The scandal involving the systematic cover-up of wait times faced by American veterans at VA hospitals might be the most substantial controversy the Obama administration has ever faced. It is the only scandal that forced President Barack Obama to jettison a Cabinet official, and the fallout from those often deadly wait times continues to settle.
President Obama was heavily criticized in January when he traveled to the city at the heart of the scandal – Phoenix, Arizona – for a Democratic event, but refused to visit the hospital where the controversial practices involving the creation of fraudulent wait times was first discovered. Obama just couldn’t make the time to visit that hospital, despite the fact that it was located just blocks away from where he was attending a political rally.
“He won’t be far from the Phoenix VA facility, the epicenter of the VA scandal, where dozens of veterans died while waiting for basic care,” House Speaker John Boehner (R-OH) said at the time. “We call on the president to offer a long-term vision for reforming the systemic problems at the VA. We’ve yet to see it.”
On Tuesday, Obama bowed to pressure and revealed that he will make a trip to the hospital at the center of the controversy.
White House officials confirmed today that Obama and VA Secretary Robert “Bob” McDonald intend to meet Friday with administrators at the Carl T. Hayden VA Medical Center.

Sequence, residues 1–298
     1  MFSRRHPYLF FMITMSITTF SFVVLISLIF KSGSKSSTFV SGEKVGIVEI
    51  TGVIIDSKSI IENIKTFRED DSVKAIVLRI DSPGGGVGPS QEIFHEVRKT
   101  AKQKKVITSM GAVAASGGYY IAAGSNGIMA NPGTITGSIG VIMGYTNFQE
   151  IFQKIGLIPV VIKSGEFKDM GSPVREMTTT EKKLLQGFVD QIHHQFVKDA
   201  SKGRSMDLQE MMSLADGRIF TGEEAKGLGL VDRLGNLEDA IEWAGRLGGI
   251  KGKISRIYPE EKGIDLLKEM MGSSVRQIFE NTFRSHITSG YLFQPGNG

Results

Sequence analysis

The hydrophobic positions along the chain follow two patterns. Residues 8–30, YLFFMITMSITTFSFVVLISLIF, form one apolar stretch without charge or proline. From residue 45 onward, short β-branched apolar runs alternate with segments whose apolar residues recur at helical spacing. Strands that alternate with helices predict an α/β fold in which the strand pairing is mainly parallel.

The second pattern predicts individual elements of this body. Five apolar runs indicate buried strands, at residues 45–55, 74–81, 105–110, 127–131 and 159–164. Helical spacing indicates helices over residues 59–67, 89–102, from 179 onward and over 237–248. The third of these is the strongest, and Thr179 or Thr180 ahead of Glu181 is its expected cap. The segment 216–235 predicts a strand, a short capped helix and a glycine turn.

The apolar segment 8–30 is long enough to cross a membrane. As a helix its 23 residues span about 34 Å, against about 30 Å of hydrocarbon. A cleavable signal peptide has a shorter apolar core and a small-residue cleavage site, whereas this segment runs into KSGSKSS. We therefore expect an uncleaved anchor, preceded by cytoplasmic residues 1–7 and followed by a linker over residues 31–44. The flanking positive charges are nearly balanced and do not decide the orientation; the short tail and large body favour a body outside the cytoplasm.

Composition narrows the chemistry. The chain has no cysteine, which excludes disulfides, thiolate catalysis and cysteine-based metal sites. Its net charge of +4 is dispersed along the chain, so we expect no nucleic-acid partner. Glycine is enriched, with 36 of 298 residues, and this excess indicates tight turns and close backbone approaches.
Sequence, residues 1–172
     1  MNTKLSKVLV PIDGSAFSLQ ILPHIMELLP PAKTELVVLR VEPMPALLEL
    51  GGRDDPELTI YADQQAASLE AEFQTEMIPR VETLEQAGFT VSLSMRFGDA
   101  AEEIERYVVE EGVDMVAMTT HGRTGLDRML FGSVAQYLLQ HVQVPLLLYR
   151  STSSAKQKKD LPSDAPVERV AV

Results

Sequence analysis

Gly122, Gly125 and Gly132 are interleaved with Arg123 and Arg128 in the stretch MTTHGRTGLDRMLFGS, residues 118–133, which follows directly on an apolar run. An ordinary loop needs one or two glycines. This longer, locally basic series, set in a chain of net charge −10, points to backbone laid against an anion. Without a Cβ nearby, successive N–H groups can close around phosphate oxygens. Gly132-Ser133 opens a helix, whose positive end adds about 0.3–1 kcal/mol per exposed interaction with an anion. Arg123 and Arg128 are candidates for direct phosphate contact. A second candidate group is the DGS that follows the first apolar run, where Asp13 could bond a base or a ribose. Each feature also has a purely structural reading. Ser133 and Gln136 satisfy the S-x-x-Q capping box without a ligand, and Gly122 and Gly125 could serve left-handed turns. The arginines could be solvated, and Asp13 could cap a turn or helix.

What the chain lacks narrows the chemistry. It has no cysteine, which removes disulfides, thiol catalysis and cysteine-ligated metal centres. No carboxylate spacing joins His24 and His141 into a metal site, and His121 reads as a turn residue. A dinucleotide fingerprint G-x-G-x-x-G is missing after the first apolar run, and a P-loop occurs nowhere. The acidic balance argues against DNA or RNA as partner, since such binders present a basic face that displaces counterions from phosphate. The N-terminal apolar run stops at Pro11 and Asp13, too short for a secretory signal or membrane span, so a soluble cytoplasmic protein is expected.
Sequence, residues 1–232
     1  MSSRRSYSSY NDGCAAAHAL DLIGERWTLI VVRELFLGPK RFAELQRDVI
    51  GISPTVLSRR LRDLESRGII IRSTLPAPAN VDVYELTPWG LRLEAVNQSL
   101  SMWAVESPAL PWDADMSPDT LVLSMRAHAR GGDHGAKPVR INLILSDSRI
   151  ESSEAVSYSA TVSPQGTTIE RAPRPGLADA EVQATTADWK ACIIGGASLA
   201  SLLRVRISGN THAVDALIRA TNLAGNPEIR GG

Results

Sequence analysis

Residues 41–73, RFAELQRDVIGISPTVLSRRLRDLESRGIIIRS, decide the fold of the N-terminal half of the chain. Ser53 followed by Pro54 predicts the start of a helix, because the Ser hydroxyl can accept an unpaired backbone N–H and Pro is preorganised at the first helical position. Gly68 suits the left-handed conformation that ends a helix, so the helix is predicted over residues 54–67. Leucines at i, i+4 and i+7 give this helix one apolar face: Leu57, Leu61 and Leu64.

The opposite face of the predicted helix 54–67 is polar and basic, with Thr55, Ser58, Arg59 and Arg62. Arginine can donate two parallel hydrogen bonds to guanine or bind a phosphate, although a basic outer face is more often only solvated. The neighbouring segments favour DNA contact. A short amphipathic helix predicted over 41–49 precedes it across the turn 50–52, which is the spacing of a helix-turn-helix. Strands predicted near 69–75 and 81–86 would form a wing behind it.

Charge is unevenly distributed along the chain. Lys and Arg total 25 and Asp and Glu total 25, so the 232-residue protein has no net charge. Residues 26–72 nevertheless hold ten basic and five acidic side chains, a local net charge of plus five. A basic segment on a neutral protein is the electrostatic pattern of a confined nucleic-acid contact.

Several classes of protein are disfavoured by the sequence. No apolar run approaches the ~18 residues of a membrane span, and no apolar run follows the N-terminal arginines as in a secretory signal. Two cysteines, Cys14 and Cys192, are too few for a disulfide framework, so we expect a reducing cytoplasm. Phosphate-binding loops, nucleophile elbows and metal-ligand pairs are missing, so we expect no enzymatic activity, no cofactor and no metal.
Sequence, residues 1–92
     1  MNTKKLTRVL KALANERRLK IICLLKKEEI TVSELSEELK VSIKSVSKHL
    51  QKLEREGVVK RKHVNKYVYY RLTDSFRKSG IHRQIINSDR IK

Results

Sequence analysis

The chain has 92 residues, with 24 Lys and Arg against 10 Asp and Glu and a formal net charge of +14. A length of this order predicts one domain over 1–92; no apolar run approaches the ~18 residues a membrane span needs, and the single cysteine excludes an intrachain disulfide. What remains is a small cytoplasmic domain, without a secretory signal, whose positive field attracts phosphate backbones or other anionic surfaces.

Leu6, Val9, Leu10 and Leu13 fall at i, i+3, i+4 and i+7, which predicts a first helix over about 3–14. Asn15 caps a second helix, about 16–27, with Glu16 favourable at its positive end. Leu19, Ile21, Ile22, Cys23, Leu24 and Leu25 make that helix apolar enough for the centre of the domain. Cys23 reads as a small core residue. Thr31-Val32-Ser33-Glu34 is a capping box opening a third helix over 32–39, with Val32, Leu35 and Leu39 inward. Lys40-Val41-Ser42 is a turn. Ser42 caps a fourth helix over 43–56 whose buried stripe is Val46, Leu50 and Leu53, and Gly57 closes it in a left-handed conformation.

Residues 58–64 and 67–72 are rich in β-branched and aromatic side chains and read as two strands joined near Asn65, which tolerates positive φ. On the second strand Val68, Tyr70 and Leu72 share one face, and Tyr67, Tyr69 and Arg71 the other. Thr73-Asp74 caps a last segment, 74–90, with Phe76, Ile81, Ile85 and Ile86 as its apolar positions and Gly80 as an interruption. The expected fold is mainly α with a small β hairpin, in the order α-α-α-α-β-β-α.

The president’s return to Phoenix comes just two months after he was criticized for snubbing Arizona veterans during a visit at which he previewed his housing policies.
The giant medical complex on Indian School Road at Third Street has been the focal point since April of a nationwide scandal over delayed care for veterans, falsified data and other management failures throughout the Department of Veterans Affairs.
The symbolism associated with Obama’s visit to the VA hospital in question in January would have been just that: Symbolic. Obama’s physical presence would not have reduced a single wait time, or brought one of the soldiers who died while awaiting care back. It would, however, have demonstrated that Obama viewed the scandal involving the cover-up of a government service provider’s system-wide failures as something other than a political problem. Sadly, he probably didn’t see it as much more than a humiliation that had the capacity to jeopardize the project of ever-expanding government.
Today, with shakeups at the VA ongoing and with much of the political sting of that scandal having been neutralized, Obama has agreed to make an appearance. It’s not exactly too little, but one could make an argument that it is too late.
All that being said, it’s worth celebrating the fact that the commander-in-chief determined that it was his responsibility to make a trip to this scandal-plagued VA facility at all. The veterans who failed to receive the quality care they were due at that facility needs to know that the president cares about their condition. Hopefully, he will project that concern when he makes this visit.